The American public’s belief that homosexuality is a consequence of genetics has grown—as has acceptance—according to recent survey results.
“If people believe being gay or lesbian is a result of genetics, not choice or social circumstance, then they also tend to believe that homosexuality cannot be changed,” says study author Mark Joslyn, professor in the University of Kansas department of political science.
“This deterministic thinking, we found, makes the behavior of homosexuality less questionable, or morally troubling, in the minds of many respondents.”
The study, published in the journal Social Science Quarterly, examines immutability—or the inability to change a behavior—within a large probability sample of the public. The research includes a June 2014 national survey of 1,010 American adults on their causal beliefs about the origins of sexual orientation.
“Genetic research is undoubtedly advancing our understanding about what we know about ourselves,” says Joslyn. “Yet it is equally clear that genetics play a significant role in shaping how we view each other.”
The researchers found most respondents attributing homosexuality to genetics believed the behavior could not be changed, making it independent of underlying environment influences and beyond control of the individual. Once people are primed to consider genetic causality, they are more likely to view the object of perception differently than if they didn’t consider a genetic explanation.
“So, blame is not cast upon homosexuals. Rather, attitudes toward the group change, and indeed we find that genetic attributions produce more favorable stereotypic judgments about homosexuals,” says Joslyn, who wrote the study with Professor Don Haider-Markel.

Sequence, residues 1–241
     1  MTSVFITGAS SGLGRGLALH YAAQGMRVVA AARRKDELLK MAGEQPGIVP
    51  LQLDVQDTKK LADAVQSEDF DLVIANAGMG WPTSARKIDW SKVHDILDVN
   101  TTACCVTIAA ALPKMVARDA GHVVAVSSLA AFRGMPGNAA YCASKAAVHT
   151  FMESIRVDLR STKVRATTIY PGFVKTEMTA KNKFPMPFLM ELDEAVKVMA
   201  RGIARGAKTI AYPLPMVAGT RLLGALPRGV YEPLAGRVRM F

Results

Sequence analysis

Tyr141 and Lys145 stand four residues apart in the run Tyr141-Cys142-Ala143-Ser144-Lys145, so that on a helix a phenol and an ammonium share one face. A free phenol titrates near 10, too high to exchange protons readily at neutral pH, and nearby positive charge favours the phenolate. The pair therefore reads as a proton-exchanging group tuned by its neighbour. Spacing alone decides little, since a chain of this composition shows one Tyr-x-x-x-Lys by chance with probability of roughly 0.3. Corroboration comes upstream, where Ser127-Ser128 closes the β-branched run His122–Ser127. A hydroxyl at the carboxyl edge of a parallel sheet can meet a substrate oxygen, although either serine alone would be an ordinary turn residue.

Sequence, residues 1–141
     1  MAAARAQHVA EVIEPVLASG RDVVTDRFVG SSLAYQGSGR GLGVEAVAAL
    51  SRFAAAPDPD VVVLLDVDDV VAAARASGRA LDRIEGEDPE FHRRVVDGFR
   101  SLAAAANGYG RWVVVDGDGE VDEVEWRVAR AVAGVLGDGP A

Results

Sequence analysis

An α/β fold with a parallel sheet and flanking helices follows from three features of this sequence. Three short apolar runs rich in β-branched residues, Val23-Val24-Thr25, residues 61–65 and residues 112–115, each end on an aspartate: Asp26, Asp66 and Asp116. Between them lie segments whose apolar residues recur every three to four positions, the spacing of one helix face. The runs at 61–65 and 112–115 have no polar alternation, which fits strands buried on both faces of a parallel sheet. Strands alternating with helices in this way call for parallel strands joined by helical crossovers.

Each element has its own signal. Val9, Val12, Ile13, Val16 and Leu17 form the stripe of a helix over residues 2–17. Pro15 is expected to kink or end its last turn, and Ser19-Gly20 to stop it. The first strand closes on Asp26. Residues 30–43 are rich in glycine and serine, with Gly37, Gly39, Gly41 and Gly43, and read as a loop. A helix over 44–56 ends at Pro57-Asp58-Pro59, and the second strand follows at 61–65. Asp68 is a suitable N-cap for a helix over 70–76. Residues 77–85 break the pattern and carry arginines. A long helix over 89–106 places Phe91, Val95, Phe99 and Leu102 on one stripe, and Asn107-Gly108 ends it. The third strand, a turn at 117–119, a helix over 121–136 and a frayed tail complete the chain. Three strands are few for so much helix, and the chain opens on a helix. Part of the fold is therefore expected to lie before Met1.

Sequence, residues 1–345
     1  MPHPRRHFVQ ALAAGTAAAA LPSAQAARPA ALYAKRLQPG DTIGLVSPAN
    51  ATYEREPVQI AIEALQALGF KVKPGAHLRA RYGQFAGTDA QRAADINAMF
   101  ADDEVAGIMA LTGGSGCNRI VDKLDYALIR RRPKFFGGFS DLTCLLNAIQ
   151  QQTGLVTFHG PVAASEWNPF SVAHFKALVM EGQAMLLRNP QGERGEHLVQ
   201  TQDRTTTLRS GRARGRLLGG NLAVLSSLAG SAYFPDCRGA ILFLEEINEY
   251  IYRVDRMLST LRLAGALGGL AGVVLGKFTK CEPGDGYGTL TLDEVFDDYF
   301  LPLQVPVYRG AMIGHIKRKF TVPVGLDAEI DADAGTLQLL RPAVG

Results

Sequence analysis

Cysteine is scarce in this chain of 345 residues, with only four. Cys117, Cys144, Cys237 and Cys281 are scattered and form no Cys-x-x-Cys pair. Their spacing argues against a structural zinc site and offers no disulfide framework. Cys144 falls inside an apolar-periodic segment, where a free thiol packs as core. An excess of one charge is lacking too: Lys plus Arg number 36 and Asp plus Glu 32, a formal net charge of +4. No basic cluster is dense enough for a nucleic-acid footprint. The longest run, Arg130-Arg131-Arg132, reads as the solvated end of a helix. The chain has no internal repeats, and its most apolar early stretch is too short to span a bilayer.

The researchers were also able to examine attitudes over time as they compared the 2014 data with Pew Research Center national survey data from 1993 and 2003. Since 2003, genetics as the reported cause of sexual orientation increased by nearly 12 percentage points, and similarly, an increasing number of respondents believed sexual orientation cannot be changed, the study finds.
Several decades ago a majority of the public did not associate genetic attributions with support for gay rights groups, but advances in understanding of biology and changes in the political context produced a focus on genetics as the cause of sexual orientation, Joslyn says.
“These data move together and reflect a growing acceptance of homosexuality generally and gay marriage specifically,” he says. “This caused diminished blame on the individual and indeed created a more supportive attitudinal and behavioral context for gay and lesbians. The genetic attribution was thus a key factor in challenging the status quo and helped produce the tremendous changes we see today regarding gay rights.”
As the public gains a better understanding of biology and the role of genetics in causing a variety of behaviors, it could be crucial to generating support or opposition to various groups as they seek to shape debate surrounding certain policies, Joslyn says.
Source: University of Kansas